Kamasi Washington: The Rhythm Changes
A virtuosic performance from the jazz musician and Kendrick Lamar’s cosmic collaborator
Captured by veteran Los Angeles hip-hop photographer and filmmaker B+ (aka Brian Cross), known for his seminal portraits of, and record covers for, luminaries such as Eazy-E, DJ Shadow, Biggie, and The Fugees, Kamasi Washington is one of his generation’s foremost jazz giants. A player, composer and bandleader, the 32-year-old’s aptly named three-volume album The Epic follows his acclaimed arrangements for Kendrick Lamar’s To Pimp a Butterfly and Flying Lotus’s You’re Dead! In a director’s statement, B+ discusses the time he spent with Washington and his band, and the show he filmed celebrating The Epic’s release at the famed Regent Theater in downtown Los Angeles.
“It is a profound need we’ve all had to celebrate the exquisite loving that black American music is”
“I first saw Kamasi Washington play with many of these same musicians in Leimert Park in the early two thousands. I remember thinking Kamasi was a young Cannonball Adderley – open, charismatic and in full flight already on his instrument. I had the distinct feeling that the future of jazz was safe.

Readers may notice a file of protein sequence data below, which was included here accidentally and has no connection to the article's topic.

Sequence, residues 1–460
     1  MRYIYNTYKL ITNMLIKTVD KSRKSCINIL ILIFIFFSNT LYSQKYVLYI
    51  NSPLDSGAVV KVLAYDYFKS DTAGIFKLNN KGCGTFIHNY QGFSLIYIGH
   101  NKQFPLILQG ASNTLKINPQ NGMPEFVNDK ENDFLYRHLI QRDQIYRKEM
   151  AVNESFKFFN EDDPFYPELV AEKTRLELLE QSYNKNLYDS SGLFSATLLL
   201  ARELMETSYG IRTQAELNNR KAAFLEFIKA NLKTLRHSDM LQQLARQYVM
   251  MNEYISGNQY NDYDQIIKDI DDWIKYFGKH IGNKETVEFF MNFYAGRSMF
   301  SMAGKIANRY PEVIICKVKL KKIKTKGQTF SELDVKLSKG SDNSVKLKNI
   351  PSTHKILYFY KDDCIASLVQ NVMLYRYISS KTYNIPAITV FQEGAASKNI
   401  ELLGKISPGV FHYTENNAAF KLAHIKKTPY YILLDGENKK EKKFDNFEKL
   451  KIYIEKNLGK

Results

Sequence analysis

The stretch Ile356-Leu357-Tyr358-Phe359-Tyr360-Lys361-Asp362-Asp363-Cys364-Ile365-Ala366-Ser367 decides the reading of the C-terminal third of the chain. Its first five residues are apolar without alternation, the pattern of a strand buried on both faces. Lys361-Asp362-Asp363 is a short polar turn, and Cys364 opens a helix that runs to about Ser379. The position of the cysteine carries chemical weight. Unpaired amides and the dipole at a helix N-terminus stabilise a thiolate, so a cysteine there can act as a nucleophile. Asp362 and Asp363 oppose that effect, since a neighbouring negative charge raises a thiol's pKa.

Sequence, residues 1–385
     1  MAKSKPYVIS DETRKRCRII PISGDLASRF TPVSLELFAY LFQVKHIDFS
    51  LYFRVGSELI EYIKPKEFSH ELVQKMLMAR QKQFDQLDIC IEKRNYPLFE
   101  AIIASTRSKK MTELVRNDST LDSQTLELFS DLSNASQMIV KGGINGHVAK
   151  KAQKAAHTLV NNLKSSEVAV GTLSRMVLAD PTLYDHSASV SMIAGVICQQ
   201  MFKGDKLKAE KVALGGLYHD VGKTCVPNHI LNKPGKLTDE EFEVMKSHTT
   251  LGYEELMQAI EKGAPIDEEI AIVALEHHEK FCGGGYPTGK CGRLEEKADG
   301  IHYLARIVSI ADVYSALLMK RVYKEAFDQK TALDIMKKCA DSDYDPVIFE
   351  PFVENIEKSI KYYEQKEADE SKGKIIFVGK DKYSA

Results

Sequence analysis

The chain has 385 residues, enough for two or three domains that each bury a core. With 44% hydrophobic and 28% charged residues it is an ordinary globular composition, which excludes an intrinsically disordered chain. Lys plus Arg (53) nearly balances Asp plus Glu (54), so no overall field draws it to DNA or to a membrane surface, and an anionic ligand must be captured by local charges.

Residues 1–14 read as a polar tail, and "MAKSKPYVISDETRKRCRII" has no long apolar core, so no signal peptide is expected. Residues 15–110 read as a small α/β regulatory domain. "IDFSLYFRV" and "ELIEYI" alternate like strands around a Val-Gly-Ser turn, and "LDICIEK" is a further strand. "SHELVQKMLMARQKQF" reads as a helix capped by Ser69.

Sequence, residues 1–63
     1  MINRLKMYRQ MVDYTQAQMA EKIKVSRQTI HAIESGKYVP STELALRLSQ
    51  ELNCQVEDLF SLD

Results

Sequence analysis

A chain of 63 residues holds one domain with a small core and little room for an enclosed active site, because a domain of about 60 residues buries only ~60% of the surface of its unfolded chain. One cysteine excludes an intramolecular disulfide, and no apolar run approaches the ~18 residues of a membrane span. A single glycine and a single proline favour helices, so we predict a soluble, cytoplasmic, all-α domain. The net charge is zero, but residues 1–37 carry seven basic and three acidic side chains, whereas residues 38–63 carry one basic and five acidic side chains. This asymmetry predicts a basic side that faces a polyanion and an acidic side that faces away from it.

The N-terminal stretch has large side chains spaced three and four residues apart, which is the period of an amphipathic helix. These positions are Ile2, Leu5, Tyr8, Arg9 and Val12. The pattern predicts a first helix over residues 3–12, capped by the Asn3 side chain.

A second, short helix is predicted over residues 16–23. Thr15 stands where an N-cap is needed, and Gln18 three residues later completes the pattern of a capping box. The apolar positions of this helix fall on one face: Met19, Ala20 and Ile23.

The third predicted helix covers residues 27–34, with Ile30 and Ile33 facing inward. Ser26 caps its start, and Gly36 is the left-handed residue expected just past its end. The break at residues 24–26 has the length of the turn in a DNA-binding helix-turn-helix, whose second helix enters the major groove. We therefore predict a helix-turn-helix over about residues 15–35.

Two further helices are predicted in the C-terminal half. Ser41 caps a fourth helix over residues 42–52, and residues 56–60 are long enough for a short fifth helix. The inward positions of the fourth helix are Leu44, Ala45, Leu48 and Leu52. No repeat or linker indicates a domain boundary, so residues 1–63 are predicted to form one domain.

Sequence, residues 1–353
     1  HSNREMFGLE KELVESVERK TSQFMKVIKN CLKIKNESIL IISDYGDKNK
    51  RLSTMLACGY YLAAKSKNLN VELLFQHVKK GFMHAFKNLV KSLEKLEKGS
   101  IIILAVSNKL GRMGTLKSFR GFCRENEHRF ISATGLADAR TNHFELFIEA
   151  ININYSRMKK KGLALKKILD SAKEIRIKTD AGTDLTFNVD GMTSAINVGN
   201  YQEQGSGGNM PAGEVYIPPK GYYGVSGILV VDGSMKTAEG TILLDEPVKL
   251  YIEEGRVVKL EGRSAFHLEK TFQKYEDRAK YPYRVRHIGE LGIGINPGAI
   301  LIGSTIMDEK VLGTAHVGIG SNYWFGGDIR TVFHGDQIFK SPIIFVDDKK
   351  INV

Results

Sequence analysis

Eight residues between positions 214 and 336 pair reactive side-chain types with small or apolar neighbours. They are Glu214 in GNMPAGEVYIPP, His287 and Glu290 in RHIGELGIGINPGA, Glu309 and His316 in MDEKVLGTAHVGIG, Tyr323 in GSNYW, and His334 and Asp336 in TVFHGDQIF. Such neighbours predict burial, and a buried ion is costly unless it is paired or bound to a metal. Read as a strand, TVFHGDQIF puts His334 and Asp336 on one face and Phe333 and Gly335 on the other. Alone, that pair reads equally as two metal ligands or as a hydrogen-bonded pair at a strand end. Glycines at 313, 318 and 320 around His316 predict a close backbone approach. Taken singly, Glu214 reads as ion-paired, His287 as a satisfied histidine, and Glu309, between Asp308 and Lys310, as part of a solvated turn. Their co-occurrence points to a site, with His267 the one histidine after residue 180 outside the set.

“On May 4th this year at The Regent Theatre in downtown, Kamasi put 1,200 L.A. heads of all generations, races and beliefs in the same room on a Monday night paying $40 a head to see four hours of jazz. Yes, four hours. Yes, a Monday night. After the second set, (there were three) I told the poet Kamau Daaood: ‘My chest feels so full, man, my heart is beating bigger…’ Ethnomusicologist Josh Kuhn asked me, ‘What is this man? This just can’t be the [effect of the] Kendrick thing…’
“I’ve spent the past few months trying to answer this question. Somehow it is Kendrick, it is Los Angeles, it is Kamasi and his ability to bring people together – the fact that these musicians built their own audience in LA over the past ten years; but it is also a profound need I think we’ve all had to celebrate the exquisite loving that black American music is. In a moment populated by dead black men’s bodies (from Oscar Grant to Trayvon Martin, to Michael Brown and Eric Garner, and on and on every 28 hours), we needed to not look away, we needed to remember, we needed somehow to celebrate. This show and this music is that.” — B+ (Brian Cross)